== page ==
After his customary informal and light-hearted introduction, conductor Geoff Keating launched the orchestra into the least familiar work on the menu, the overture to Smetana’s comic opera The Two Widows. This was a bustling piece, full of the character of the polka, which all the sections were able to get their teeth into; it had good rhythmic drive, and the fugal section for the strings towards the end, which provided a few moments of calm contrast, was beautifully delivered. I did have some minor concerns about the balance in this item – it might be worth considering slightly raising the woodwind section above the strings. However, these concerns diminished as the evening went on, so it might just have been a case of the players taking time to adjust to the particular acoustic of the hall.
Leoš Janáček is one of the most fascinating and original of composers, but to those more familiar with the angular, jagged writing of some of his operas and more familiar orchestral works, the three early Lachian Dances may have come as something of a surprise. Still with touches of originality, such as the high string figuration, these colourful arrangements of Moravian folk dances bear some comparison with Dvořák’s better known Slavonic Dances, probably through their shared musical heritage. They were well characterised by Geoff Keating and the orchestra, who clearly enjoyed playing them, and applied a lovely light, deft touch to them: there was some particularly fine horn playing in the second dance, well supported by the other wind instruments, and the transition to the return of the opening section at the end of the third dance was superbly executed. The interplay between individual instruments and the sections clearly showed the rapport that exists between these players.
The first half concluded with Dvořák’s The Noon Witch, one of a set of tone poems completed late in his career which, inexplicably, have a much lower profile than some of his other works. As musical story-telling goes there are few better examples than this little masterpiece, and the orchestra clearly revelled in the demands of its colourful orchestration. The haunting opening clarinet solo, which frequently returns, was beautifully delivered, and the whole woodwind section were clearly having a ball, typified by the bass clarinet and bassoon duet representing the evil witch. They were ably supported by the strings, who attacked firmly and precisely, but who also managed to provide some extraordinarily atmospheric and unsettling effects in contrast. The work built to a strong climax, resolving into the striking of twelve noon on the tubular bells. This grisly tale was imaginatively well told indeed.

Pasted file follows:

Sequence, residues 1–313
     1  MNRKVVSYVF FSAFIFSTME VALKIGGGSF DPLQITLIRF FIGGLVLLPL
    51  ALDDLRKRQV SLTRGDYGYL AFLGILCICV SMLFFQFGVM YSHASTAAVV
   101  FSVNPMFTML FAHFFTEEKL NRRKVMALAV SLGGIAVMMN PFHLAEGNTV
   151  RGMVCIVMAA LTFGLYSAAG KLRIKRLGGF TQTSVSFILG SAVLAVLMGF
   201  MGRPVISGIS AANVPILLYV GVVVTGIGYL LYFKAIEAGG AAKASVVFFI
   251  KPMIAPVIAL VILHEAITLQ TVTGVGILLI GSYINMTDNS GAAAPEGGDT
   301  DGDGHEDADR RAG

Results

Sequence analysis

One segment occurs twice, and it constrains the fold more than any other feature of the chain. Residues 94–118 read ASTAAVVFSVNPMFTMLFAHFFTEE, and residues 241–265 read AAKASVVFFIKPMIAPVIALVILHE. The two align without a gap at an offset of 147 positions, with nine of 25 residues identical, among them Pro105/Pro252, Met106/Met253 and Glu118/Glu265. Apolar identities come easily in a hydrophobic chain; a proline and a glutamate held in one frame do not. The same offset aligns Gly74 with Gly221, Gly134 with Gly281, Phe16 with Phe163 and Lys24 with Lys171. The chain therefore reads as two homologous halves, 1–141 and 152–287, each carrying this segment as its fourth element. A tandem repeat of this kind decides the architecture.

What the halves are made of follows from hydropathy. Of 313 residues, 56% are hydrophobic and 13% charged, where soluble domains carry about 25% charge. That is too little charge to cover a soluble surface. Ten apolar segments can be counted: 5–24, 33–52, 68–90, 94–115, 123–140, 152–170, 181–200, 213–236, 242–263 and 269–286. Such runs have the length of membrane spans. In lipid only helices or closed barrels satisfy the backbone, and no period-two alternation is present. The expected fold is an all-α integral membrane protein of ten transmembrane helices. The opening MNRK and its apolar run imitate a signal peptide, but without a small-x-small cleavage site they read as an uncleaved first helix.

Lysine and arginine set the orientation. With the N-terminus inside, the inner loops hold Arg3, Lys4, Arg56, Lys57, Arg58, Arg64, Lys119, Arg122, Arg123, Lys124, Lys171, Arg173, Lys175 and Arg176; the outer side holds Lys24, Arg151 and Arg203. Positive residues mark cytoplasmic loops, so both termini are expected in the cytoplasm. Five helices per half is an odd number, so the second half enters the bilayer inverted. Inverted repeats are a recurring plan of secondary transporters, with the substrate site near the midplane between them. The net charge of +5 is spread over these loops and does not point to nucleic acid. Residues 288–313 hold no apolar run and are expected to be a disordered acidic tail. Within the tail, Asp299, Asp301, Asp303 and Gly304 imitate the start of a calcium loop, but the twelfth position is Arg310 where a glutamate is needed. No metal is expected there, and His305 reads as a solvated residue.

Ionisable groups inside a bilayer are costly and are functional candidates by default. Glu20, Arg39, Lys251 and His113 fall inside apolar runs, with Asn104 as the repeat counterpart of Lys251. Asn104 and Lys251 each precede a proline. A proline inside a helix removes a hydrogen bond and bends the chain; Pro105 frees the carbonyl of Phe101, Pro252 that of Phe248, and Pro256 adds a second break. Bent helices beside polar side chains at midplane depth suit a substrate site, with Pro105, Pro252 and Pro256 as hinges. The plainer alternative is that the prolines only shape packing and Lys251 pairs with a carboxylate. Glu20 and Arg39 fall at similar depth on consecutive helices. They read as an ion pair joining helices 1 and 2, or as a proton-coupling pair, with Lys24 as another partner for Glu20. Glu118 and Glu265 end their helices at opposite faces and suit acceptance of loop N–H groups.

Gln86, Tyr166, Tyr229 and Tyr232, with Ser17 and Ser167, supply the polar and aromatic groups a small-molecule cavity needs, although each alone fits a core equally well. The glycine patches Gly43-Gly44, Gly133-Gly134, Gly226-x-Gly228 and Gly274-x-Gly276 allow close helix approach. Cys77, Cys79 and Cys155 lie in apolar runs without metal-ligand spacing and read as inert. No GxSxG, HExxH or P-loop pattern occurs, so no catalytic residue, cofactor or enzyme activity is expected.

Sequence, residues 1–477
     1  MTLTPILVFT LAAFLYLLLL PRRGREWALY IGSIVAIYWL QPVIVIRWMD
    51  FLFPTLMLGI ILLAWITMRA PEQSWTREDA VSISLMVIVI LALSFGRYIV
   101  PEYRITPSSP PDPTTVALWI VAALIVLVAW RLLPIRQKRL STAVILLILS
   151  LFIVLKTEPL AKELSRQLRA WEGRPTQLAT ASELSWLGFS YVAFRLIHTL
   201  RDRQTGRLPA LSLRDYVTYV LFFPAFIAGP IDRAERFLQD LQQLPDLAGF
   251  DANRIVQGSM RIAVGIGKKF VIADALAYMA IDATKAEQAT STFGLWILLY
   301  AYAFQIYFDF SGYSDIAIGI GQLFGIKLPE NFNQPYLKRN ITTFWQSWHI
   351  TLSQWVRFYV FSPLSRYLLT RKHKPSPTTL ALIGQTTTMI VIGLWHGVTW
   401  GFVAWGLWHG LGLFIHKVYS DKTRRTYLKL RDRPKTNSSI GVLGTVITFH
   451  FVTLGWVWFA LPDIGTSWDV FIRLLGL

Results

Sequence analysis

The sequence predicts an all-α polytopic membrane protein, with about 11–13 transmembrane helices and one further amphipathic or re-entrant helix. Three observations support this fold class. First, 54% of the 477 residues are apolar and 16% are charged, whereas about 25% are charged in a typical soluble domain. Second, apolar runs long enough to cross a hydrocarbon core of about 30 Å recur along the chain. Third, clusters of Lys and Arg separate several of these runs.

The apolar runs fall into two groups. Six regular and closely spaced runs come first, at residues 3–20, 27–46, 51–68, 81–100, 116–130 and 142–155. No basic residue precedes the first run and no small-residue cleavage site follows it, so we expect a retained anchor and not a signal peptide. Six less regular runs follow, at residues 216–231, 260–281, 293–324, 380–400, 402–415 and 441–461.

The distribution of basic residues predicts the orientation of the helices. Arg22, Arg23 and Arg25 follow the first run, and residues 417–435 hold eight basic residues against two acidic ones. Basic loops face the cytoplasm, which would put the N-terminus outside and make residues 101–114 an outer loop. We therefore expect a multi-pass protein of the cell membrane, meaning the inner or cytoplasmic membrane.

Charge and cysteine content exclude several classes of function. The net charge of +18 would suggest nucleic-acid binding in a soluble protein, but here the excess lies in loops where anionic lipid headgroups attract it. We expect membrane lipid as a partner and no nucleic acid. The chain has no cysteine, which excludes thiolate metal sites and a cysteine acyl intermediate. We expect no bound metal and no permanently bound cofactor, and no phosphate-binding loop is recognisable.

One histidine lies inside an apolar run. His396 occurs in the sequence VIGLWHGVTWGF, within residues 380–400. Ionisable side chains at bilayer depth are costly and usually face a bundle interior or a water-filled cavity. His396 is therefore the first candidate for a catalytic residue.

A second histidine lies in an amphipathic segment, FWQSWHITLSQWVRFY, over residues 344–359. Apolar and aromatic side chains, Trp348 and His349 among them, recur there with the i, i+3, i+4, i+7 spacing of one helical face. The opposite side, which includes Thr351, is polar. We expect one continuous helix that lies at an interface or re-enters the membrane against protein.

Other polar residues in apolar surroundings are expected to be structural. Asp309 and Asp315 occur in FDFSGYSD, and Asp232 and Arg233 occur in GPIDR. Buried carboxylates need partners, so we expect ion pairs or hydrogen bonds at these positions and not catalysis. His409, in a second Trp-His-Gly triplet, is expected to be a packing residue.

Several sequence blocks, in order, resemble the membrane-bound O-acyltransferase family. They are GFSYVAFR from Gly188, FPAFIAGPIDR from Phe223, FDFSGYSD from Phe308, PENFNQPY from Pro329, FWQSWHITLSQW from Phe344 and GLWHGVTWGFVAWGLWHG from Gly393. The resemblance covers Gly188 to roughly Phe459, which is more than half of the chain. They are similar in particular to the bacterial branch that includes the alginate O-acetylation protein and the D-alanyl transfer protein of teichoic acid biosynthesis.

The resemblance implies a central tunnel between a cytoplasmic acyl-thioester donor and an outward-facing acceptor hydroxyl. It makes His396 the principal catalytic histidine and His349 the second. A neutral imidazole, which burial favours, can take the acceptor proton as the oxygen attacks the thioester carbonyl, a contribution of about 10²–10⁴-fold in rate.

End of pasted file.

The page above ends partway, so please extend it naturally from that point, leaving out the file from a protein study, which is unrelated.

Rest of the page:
If I had left at half-time I would have been well-satisfied, but as often happens at Solway Sinfonia concerts, the best was yet to come. Dvořák’s Cello Concerto may be something of an old war-horse, but it still packs a formidable punch and remains one of the finest concertos ever written for any instrument. For me this was possibly the best concerto performance I have heard from the orchestra, the accompaniment sympathetic and supportive, yet extrovert and powerful where it needed to be. Soloist Kirsten Jenson was quite delightful: she had complete technical control throughout, communicated closely with the conductor, and was obviously fully aware of everything going on around her – her duet passage with leader Sarah Berker in the third movement was almost chamber music-making. Kirsten’s was a lyrical performance, aided by a lovely singing tone which conveyed so well the yearning, nostalgic, quality that pervades the work. Throughout she was matched by some excellent instrumental playing, such as the horn solo in the opening movement. The highlight for this listener was the slow movement, where there was complete unity between soloist and orchestra, and in which the woodwind and cello sections in particular shone: the wistful mood created by everyone was quite touching. Above all the performance was characterised by orchestral precision, most notably in the climaxes at the end of the outer movements.
In his spoken introduction at the start of the concert Geoff Keating pointed out the limited practice time available to the orchestra. To put on a programme of this technical difficulty on just five rehearsals must be a daunting challenge. That Geoff and the players brought it off so convincingly is a tribute to their hard work and commitment. Fabulous programme, very well played – winter blues temporarily despatched!